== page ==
What is the ‘formula’ for success?
Everyone seems to be searching for the right success formula. Although, sometimes we don’t really know what that looks like, we just know it’s something we want (or at least we are supposed to want it). The quote above, dares you to follow your own path. It suggests: When you search for success, don’t follow other’s expectations. But, stop and think about it for a moment. Is the pursuit of success itself an expectation? Somehow, we just know we are supposed to do it. When did we get stuck in this quest? Who set it?
Sociologist and Historian Michel Foucault proposed that self-discipline was used to govern people through their own actions. He believed people ‘govern themselves’ according to established mindsets. These mindsets shape and guide their choices and lifestyles. He called this shaping ‘governmentality’.
In very simplified terms, governmentality is control by changing people’s mindset or way of thinking. The whole point is to ‘govern’ the way you behave by convincing you, not only that something is good for you, but also that you want it. The idea is that if you want it, you will make every effort to do it. Another way is by convincing you that not to want it will have a social cost (such as shame, labels, and the like).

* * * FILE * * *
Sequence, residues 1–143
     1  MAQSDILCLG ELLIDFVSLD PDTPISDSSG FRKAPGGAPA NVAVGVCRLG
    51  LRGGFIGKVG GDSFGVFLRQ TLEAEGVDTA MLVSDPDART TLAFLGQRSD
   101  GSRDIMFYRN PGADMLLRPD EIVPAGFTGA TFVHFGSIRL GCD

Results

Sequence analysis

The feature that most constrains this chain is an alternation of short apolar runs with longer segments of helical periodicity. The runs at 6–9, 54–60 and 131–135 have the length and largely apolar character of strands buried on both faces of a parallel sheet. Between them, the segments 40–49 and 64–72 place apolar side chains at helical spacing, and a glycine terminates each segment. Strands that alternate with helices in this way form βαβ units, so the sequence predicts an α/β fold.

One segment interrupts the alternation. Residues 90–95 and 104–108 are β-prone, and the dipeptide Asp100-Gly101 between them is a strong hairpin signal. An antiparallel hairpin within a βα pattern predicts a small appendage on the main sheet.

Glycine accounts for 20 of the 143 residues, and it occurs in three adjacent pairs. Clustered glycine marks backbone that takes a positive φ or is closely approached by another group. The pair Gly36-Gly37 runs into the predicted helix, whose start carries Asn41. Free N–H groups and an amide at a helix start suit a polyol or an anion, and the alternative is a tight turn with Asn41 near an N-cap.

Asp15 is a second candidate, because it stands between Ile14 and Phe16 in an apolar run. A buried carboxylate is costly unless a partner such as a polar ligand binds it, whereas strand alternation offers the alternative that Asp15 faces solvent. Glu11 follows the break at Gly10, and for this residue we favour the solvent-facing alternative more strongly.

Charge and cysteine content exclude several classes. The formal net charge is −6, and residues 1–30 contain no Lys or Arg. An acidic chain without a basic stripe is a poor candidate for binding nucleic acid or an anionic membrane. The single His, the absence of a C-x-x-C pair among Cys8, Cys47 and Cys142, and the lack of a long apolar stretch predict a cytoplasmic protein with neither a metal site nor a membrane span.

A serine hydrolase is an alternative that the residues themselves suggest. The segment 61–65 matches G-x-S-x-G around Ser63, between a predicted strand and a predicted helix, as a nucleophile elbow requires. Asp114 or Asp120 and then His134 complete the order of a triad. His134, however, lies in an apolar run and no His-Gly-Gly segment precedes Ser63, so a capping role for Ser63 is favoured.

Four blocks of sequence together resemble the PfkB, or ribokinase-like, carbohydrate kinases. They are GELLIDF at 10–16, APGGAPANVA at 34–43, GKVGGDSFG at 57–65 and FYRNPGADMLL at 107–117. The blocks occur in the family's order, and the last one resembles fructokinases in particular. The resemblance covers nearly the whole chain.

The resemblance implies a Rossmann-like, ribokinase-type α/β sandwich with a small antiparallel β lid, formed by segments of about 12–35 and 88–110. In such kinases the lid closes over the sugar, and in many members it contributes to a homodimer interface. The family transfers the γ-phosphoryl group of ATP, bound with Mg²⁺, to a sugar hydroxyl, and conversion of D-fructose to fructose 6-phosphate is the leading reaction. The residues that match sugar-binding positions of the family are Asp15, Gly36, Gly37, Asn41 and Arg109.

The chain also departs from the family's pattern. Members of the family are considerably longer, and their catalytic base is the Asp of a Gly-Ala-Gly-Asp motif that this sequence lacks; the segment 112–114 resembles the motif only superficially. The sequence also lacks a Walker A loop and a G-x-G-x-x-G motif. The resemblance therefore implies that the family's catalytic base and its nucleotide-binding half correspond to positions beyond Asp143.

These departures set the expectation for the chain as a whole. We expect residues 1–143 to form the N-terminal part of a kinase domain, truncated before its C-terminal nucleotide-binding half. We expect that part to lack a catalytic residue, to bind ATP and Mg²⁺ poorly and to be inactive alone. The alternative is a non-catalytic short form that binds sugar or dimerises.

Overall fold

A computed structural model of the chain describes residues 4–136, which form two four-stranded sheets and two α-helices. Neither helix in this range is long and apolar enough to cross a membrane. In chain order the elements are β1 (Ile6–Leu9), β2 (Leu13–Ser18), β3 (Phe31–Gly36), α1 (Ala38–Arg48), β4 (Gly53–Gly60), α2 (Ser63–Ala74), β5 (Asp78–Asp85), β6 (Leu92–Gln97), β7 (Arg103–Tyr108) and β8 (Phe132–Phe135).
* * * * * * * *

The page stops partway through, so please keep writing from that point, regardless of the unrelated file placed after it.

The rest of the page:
Then, media reinforces the options of what you ‘should’ want using discourse. Discourse, limits the options to express and discuss ideas. It is a framework for conversation about a topic. It often presents options in black and white and in such a way that choosing one of the sides is simply unacceptable. In this way, a discourse dominates the public conversation (dominant discourse). When this happens, people tend to choose the most popular side, shame those who oppose and dismiss as irrelevant or simply not discuss the options left outside of the discourse.
In this case, success is defined in terms of possessions, knowledge, fashion, and similar things while failure is the absence of these. This discourse excludes any other possible measures of success, such as meaning or purpose. These are excluded from the conversation indirectly placing them in the category of failure, which makes their pursuit undesirable or less important.
What is success and who gets to define it?
Should each individual have their own measure?
How do you measure it?
Text: Mitzi Pomenta